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Weekly Review


Phoebus flounders in the dark while Park carries Elephants

Can Ulsan Mobis Phoebus endure their ongoing rough patch?

After the first week of the 2016-17 Korean Basketball League (KBL) season, the Phoebus, who have 10 KBL championship titles on their shelf, are ranked at the bottom, losing four games straight since the opening day on Oct. 22.

During the opening day match against the Incheon ET Land Elephants, Yang Dong-geun, the captain and point guard for Phoebus, broke his wrist, which landed him on a surgical bed immediately after. As a result of the surgery, Yang will be sidelined for the next three months, which means Phoebus will have to make do without their franchise star.

Yang, who has won four MVP honors with Phoebus, is arguably the best player in the league right now, and head coach Yoo Jae-hak and the rest of the squad heavily depended on his ability to run things on the court in the past seasons.

This is not the first time Phoebus has been left to make do without Yang. Last year, Yang was out for the earlier part of the season, as he was playing for the national team.

The team was able to anticipate Yang’s absence and its tactics for the earlier in the season were planned out before the season began. The Phoebus eventually finished the regular season as runners-up.

However, the gravity of his absence will be different this time around since it wasn’t something expected from the start. In addition to losing Yang, Nate Miller, an import who was thought to replace Yang for the time-being, injured his hamstring on Sunday while Phoebus suffered 74-85 loss to the Changwon LG Sakers.

Losing his players from left and right within a span of a week, Yoo says he is at a loss for words.

The Phoebus went into the season on an auspicious note, picking super-rookie Lee Jong-hyun at this year’s draft. However, just a couple of weeks into the season now, it is questionable whether Phoebus will be able to cope with these unexpected turns of events.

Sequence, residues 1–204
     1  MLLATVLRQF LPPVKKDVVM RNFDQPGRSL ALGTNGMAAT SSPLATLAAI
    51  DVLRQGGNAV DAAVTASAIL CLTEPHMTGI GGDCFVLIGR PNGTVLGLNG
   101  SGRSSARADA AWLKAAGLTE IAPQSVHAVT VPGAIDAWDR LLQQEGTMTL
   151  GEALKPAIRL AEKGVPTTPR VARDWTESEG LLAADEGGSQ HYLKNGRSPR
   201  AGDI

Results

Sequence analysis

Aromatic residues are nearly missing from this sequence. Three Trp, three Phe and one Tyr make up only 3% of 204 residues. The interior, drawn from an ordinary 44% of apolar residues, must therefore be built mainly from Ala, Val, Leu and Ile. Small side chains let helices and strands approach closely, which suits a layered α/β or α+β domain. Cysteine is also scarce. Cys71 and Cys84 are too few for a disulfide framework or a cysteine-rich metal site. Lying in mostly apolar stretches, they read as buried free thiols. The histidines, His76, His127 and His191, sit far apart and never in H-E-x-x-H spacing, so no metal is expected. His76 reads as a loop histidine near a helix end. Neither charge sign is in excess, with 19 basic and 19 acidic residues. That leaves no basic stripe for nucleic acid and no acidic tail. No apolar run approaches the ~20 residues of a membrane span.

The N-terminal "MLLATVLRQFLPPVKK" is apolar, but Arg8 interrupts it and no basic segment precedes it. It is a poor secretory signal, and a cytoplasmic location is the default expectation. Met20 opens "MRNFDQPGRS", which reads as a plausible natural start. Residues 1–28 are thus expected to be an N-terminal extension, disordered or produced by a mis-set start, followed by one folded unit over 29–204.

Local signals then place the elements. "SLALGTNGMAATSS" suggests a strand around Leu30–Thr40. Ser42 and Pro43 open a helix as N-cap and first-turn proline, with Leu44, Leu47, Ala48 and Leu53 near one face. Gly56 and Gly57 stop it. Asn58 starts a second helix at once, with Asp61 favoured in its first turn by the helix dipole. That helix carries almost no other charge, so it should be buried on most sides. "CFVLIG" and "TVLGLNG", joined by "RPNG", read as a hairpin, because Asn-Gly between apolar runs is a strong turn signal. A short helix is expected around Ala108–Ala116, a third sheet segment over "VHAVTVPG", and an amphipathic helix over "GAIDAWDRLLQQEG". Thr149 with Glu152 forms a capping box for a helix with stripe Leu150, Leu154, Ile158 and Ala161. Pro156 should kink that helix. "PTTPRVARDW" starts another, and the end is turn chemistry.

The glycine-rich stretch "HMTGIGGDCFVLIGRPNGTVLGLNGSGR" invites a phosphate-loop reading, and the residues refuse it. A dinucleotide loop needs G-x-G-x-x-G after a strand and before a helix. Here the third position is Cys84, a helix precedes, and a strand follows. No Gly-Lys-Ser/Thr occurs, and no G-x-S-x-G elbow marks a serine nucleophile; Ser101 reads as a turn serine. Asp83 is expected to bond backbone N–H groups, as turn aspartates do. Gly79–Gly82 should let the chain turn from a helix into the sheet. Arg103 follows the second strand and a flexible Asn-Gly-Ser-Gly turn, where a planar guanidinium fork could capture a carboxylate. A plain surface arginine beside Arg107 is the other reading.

As for the super-rookie Lee, he is yet to make his debut on the court as the center is still recuperating from a foot injury he suffered earlier in the year.



Player in focus: Park Chan-hee (Incheon ET Land Elephants)

Although early in the season, some players are rising to the prominence above others, including Park Chan-hee, a point guard for Incheon ET Land Elephants.

After their three-game winning spree, Wonju Dongbu Promy were to meet the Elephants in Incheon on Sunday.

The Promy have raked in more than 90 points in the first three games of the season and they were expected to carry on the momentum against the Elephants. But to everyone’s surprise, the host took down the visitor 80-77, with Park leading on the court.

Park, a new face for the Elephants who transferred from Anyang KGC, first turned pro in 2010, donning the KGC uniform as first pick out of the rookie draft that year.

In his rookie season, Park played in 44 games, averaging 34 minutes, 11.95 points and 4.3 assists. Since then, he’s been starting point guard for Anyang, steadily showing his face more on the court.

To reel in such talent, the Elephants had to trade Han Hee-won, a forward they brought on as second pick from the 2015 rookie draft. Although a bold move, Park has been doing more than his share since he joined the new team.

In a 80-63 win over Ulsan Mobis Phoebus on Oct. 22, Park tallied six points, six steals and nine assists, a testament to his capability as a point guard.

Against his former club KGC on Monday, although the Elephants lost by one point, Park scored four points and again dished out nine assists.

And Park did not stop providing for the Elephants.

In the third game of the season against the Promy, Park put up 20 points, grabbed four rebounds and dished out six assists.

When the team was behind by one point with one minute and 30 seconds left in the game, Park calmly drained two free throws to give his team the lead.

After the game, the Elephants’ season record stood at two wins and one loss.

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